During the fact-finding tour on December 6 and 7, the delegation, who had attended the 19th congress of the Indo-Pacific Prehistory Association (IPPA) in Hanoi, showed a keen interest in the Dong Son Culture in Thanh Hoa at the provincial museum.
The museum is famous for its collection of tools and bronze artifacts such as drums that belonged to the Dong Son Culture where humans existed 400,000 years ago.
At Con Moong Cave, which is thought to have housed many prehistoric people, the team of scientists saw the latest research done on the cave.
The cave provided shelter to the people of three separate prehistoric cultures: the Son Vi, the Hoa Binh and the Bac Son.
The cave is special as its layers of rock hold evidence of human evolution from the Palaeolithic to the Neolithic era’s progress from hunter gathers to farmers, says Nguyen Khac Su, an associate professor at the Vietnam Archaeological Institute in Hanoi.
Recent excavations also revealed many new discoveries, including axes, ceramics, stone and bone artifacts and tombs.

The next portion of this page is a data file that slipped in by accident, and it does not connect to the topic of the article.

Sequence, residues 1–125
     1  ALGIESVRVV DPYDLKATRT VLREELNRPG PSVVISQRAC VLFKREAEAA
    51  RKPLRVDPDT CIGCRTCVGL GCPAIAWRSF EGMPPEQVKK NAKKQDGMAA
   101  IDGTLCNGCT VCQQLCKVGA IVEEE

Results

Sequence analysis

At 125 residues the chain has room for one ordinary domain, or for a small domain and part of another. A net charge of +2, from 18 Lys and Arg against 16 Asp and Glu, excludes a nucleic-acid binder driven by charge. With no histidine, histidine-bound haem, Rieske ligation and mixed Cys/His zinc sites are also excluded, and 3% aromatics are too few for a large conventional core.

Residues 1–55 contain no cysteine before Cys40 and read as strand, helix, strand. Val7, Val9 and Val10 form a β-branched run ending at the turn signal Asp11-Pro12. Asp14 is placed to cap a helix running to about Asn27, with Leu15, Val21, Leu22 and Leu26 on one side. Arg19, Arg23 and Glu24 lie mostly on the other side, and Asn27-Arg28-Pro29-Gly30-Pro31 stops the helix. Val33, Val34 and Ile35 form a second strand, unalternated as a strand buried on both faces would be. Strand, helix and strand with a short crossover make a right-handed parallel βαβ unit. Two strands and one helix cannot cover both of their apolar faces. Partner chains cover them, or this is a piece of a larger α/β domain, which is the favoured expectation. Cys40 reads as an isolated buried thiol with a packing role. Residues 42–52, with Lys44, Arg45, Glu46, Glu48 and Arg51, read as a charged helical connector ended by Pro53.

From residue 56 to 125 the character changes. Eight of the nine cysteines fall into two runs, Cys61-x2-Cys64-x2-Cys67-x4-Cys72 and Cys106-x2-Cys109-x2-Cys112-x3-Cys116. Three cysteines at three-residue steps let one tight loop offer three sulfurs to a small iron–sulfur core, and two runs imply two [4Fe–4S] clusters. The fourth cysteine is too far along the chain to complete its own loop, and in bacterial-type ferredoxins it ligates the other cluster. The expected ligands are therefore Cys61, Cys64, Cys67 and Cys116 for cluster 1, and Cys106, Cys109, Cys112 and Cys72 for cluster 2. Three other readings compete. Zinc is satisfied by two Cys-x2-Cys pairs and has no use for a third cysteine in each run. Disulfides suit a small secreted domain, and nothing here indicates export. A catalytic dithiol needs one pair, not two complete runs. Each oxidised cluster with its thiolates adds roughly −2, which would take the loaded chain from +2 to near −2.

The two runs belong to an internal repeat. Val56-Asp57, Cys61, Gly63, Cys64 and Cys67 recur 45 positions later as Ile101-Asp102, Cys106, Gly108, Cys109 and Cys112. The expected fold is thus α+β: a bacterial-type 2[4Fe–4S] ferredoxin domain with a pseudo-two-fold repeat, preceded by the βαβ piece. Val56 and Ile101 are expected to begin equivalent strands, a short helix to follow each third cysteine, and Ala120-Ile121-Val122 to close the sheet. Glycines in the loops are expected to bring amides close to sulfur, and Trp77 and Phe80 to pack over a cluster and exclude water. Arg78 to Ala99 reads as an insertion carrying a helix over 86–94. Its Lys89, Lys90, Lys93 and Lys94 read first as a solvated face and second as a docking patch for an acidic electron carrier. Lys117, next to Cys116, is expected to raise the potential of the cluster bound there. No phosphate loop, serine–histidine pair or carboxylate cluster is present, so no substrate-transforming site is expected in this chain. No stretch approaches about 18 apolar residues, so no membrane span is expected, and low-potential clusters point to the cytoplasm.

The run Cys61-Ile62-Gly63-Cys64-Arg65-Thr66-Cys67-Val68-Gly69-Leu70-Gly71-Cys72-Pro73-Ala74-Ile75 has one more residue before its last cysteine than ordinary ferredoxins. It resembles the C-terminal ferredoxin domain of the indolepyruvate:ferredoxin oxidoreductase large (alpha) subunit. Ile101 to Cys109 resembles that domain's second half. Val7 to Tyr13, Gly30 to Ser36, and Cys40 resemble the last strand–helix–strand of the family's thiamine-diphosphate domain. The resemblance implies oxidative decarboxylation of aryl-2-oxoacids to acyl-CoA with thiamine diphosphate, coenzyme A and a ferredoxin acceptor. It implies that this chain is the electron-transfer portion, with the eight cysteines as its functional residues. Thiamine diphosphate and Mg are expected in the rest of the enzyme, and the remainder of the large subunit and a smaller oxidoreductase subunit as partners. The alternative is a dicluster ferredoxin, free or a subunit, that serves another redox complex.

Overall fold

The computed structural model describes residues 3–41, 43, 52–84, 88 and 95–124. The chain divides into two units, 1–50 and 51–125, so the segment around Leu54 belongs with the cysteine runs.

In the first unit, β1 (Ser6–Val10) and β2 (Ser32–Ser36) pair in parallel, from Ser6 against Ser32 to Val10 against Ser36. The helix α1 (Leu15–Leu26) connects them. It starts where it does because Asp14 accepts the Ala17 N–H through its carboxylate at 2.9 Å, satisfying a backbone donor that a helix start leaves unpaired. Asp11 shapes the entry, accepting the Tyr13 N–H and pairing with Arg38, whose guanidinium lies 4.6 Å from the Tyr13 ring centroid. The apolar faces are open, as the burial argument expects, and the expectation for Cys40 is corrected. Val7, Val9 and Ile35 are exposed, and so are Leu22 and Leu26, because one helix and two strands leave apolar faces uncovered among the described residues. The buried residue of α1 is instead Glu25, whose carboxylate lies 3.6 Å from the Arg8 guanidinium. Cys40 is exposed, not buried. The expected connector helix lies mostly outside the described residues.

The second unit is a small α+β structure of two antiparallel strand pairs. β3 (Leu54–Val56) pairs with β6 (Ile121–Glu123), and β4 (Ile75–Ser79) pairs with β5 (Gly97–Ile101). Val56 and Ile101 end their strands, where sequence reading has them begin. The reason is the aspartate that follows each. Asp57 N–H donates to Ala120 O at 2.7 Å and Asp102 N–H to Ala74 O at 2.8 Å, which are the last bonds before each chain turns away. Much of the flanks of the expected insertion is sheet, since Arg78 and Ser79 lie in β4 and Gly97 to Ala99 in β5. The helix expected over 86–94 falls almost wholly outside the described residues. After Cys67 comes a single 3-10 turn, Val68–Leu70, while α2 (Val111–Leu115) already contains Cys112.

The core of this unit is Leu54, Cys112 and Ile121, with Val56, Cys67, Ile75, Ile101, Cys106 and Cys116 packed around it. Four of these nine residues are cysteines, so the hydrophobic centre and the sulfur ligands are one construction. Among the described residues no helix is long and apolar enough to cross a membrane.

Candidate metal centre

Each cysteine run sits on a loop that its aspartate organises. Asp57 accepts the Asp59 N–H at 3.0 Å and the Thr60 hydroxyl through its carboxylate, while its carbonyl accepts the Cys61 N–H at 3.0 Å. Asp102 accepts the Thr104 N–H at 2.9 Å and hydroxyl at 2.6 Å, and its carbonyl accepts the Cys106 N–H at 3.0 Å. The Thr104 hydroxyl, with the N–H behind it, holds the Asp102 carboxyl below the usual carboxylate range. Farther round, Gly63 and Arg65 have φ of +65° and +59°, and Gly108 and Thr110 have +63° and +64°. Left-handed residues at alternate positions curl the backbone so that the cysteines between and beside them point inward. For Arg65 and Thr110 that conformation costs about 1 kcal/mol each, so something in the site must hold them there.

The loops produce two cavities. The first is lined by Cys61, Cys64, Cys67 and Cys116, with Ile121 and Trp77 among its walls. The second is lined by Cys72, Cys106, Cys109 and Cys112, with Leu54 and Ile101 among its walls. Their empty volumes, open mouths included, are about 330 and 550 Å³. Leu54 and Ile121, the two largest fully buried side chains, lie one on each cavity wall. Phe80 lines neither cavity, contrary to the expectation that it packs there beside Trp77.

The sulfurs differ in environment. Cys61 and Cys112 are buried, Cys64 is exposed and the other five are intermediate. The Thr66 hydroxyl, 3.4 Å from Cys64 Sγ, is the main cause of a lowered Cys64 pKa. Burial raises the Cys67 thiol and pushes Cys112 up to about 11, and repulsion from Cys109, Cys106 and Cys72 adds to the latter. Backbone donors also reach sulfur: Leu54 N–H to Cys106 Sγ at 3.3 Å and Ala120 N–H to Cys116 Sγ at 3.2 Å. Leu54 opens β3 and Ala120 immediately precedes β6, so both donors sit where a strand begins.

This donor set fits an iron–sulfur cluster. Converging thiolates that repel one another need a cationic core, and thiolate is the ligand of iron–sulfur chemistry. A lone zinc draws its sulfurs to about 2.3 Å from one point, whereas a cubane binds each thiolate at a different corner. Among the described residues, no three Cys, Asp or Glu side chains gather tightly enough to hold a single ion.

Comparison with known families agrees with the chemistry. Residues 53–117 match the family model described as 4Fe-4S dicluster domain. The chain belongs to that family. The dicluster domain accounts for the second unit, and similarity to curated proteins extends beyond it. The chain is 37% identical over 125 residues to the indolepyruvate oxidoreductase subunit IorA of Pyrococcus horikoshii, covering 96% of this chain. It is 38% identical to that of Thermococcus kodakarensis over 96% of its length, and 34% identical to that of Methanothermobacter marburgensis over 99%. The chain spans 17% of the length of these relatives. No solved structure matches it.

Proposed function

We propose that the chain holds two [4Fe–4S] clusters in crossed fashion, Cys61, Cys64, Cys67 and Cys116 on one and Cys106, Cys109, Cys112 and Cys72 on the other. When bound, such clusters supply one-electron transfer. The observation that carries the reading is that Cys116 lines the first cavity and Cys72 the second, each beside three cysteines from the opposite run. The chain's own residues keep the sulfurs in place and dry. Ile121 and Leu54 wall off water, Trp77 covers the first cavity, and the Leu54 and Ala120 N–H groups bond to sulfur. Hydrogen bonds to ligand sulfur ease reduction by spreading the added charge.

Thanh Hoa is putting together a scientific study of the cave, which will be submitted to the United Nations Educational, Scientific and Cultural Organisation (UNESCO) for recognition as a world cultural heritage.
Although hearing of Vietnam’s reports on the excavation sites of the Ho Dynasty’s Nam Giao altar and Con Moong Cave at the 19th IPPA congress, the new discoveries about Thanh Hoa’s culture were unexpected, they said.
Su said that the tour will inform scientists of Thanh Hoa’s cultural potential to help them better understand Vietnam’s archaeology and win their support for these relics when they are nominated to UNESCO’s list of world cultural heritages.
The scientists will contribute their opinions on the excavation, preservation and values of these ancient relics, Su added.